Cellcom cuts infrastructure investment 25%

Nir Sztern  picture: Tamar Mitzpi

The Israeli telecom operator is pinning its hopes on lower costs as a result of its new fiber-optic infrastructure.

Cellcom Israel Ltd. (NYSE:CEL; TASE:CEL) is planning a major cut in its investments, and is redirecting its resources from mobile telephony to landline telephony and television, CEO Nir Sztern said in a briefing for Leader Investment Group executives. Sztern stated that Cellcom would cut its NIS 600 million investment budget by NIS 150 million. He predicted that the investment in the IBC fiber-optic venture would save the company NIS 100 million in its investment budget, and the rest would be deducted from its other spheres of activity, primarily mobile telephony.

One of the main challenges facing Cellcom's management is rescheduling the company's debt. Cellcom's cash flow is dwindling and approaching negative territory, making it virtually impossible for the company to manage its NIS 2.5 billion debt. Cellcom's management is jumping through hoops to maintain the appearance of normality and a positive cash flow in the face of the virtually impossible constraints in which it is operating. This is the background for its meetings with capital market concerns.

Some of the parties present at the meeting believe that Cellcom has no intention of getting involved with 5G technology at this stage, although other sources said that Sztern had not explicitly stated this. Investments amounting to NIS 450 million annually, which because of accounting standards include commissions for agents and marketers, rent for sites, and various other financial elements, among other things, do not exactly presage investments in large-scale projects. It is more likely that Cellcom will leave 5G alone for the time being.

It is worth noting that Cellcom never saw itself as being in the forefront of technology in matters such as mobile surfing speeds in Israel. The company always stressed that what was important was to provide its customers with a good surfing experience, without constantly rechecking its speed.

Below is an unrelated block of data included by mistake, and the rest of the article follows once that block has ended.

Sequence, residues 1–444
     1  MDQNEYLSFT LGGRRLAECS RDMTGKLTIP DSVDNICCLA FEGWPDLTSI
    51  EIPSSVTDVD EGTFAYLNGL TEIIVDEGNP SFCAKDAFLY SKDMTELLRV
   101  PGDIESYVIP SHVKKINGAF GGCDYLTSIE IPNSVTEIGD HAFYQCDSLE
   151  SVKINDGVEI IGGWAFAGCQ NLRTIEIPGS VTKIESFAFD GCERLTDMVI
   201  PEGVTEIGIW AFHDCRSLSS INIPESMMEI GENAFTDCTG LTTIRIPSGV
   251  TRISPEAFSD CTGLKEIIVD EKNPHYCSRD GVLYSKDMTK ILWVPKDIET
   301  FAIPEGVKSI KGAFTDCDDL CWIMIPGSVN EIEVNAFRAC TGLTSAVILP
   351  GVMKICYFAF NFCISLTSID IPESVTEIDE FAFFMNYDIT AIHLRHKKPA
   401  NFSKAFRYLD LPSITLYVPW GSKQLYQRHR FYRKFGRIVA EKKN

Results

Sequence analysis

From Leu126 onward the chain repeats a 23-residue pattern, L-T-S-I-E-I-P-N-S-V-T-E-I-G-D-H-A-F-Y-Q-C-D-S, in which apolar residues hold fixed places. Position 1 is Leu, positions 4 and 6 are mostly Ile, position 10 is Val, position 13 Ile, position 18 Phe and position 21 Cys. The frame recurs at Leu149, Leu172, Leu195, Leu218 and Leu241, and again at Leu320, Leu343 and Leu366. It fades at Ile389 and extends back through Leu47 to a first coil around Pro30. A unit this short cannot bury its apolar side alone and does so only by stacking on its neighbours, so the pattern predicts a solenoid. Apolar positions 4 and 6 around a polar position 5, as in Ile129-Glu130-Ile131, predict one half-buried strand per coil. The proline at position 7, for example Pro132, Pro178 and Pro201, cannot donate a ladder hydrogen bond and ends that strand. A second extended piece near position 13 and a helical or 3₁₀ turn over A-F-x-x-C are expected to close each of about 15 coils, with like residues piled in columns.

Sztern added that he expected the company to achieve a positive cash flow before interest of NIS 200 million annually. This is probably directly linked to the decrease in investments. Cellcom believes that as it deploys more fiber-optic infrastructure, it will be able to recruit more customers who are currently using infrastructure of Bezeq and Hot in the framework of the wholesale market. If this happens, it will cut Cellcom's costs considerably.

Sztern also commented on the fact that the IBC fiber-optic venture, in which Cellcom holds 35% (Israel Infrastructure Fund owns 35% and Israel Electric Corporation owns 30%) is taking steps to raise capital in order to finance future investments. The venture plans to deploy its infrastructure in one million homes within three years. Some of those present at the meeting came away with the feeling that Cellcom was planning to reduce its holdings in the venture and bring more investors into it. It is important to note that Cellcom's deal with IBC has not yet been completed. Cellcom is awaiting final approval from the Ministry of Communications in order to close the deal, which will probably be forthcoming within a few days.

Cellcom tried to promote a cooperate venture with Partner in IBC in the belief that the two companies would be able to deploy fiber-optic infrastructure more quickly by working together than by each working on its own. Cellcom also tried to coordinate deployment with Partner, so that the two companies would not have to each deploy fiber optics in the same buildings. Partner rejected both proposals, focusing instead on separate deployment.

What this means is that the two companies are working in the same buildings, competing with each other, and becoming very aggressive. The reason is that they are both offering the same surfing performance, and the difference between their products boils down to television, where there is a big difference between the services.

In the background, the Ministry of Communications is trying to find a solution for joint deployment in buildings. The ministry wishes to avoid the deployment and maintenance costs of two parallel fiber optic infrastructure systems, even before Bezeq and Hot get into the act.

Published by Globes, Israel business news - en.globes.co.il - on July 16, 2019

© Copyright of Globes Publisher Itonut (1983) Ltd. 2019

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Nir Sztern  picture: Tamar Mitzpi
Nir Sztern picture: Tamar Mitzpi
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